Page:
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Thursday, December 3, 2009

Bose 901 Refurb

The Bose 901.  A legendary and controversial speaker, to say the least.  First released in 1968, the 901 lives on today and looks outwardly very similar to the original design.  Inside the newest 901's - according to Bose - are over 300 improvements over the original.  But the central premise is the same as ever: in my experience the Bose 901 is the only Bose speaker to truly achieve the goals of the Company's much-touted reflected sound technology.

I bought a pair of 901 Series VI's just before Thanksgiving of 2009.  The tops were scratched terribly, but otherwise they were pristine.  When I set them up in my new listening room, they sounded terrible.  Only when I took them over to my old apartment - the dreaded "reflection coffin" - did I discover what Bose has been talking about all this time.  The 901 is in a class by itself - apart from the rest of the Bose line and certainly apart from the rest of the world's known speaker species.  The 901 does earn Bose a spot among history's great speaker companies.  Not because of the sound quality, per se, but because of the 901's unique quality of sound.

After two hours of fiddling, I found the sound of the 901's "acceptable".  After half an hour of typing to the music, I awoke to something amazing happening in front of me.  I was in the reflection coffin, but it sounded like I was outside at a huge music festival.  I decided then and there: these speakers needed to be returned to their brand-new glory - or better.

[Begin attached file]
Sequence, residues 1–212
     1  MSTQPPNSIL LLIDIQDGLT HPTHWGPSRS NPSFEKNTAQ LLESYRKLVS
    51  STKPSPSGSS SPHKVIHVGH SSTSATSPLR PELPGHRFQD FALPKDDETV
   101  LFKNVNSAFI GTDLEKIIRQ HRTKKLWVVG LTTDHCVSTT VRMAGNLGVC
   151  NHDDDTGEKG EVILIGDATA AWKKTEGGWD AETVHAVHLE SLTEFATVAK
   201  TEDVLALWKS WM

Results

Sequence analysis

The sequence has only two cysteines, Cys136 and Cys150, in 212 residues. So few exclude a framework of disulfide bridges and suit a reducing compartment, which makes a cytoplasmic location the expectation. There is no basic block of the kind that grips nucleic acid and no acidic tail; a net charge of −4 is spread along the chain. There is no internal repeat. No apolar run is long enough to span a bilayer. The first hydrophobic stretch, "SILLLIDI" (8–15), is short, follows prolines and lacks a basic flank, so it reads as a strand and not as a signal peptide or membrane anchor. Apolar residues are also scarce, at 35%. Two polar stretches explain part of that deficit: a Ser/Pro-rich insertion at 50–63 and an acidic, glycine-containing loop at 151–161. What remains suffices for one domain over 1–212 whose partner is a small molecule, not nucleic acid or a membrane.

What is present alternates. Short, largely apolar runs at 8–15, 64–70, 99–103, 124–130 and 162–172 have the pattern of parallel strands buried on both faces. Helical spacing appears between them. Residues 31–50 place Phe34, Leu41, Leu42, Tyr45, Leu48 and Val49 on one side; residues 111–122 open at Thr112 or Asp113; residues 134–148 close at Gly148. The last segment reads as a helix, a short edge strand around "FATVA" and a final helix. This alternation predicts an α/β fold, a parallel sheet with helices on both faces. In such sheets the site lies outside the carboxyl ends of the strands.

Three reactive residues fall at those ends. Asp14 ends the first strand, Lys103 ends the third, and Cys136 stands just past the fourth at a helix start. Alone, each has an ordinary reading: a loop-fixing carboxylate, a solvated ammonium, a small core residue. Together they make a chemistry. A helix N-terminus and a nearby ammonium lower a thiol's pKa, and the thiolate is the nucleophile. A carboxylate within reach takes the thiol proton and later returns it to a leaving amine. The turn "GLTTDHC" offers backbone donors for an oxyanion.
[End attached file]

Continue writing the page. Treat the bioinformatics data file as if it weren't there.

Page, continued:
And this time, I would take video of the process....

As I mentioned, the tops of my 901s were badly scratched.  I had picked them up for $300, and decided to sand out the scratches, re-stain the cabinets, and replace the burlap grillecloth up front (somebody had spilled drinks - repeatedly - on both grilles).  If the scratches proved too deep, I had two rolls of cherry wood veneer to cover the whole tops anew.

First up was to mask the grilles. At first, I left the front grilles on because I couldn't figure out how to get them off. But I did remove the back grilles, exposing the nest of 8 blue drivers that make the alleged "magic". Then I covered them with masking tape and plastic trash bag squares.

Here is a pic of the nest:

The fronts were masked in the same way, until I decided to replace the grillecloth as well and cut if off the grille itself.

Here is a pic of the front grille by itself:

Once I cut off the grillecloth, I could see staples in the grille. These staples, it turns out, are what holds the grille to the cabinet. Here is what the 901 looks like without the front grille:

Seems like a lot of speakers these days do a good job with just something like that, let alone the 8 rear-facing drivers, right? Hmm...

Removing the front grille allowed me to sand and stain all the way into the cabinet edge. Quality :)

Once we had them sanded, we stained with some "white oak" stain. The cabinets took on a rich, reddish color all the way around. Looks nice, but certainly different from the original color.

My friend helped me and we used his tools. We sanded the cabinets, and found that the scratches in the tops were too deep - they went through the veneer. So we had to sand them down and put on our new veneer.

Here is a video of the 901 Series VIs, all nice and stained :)

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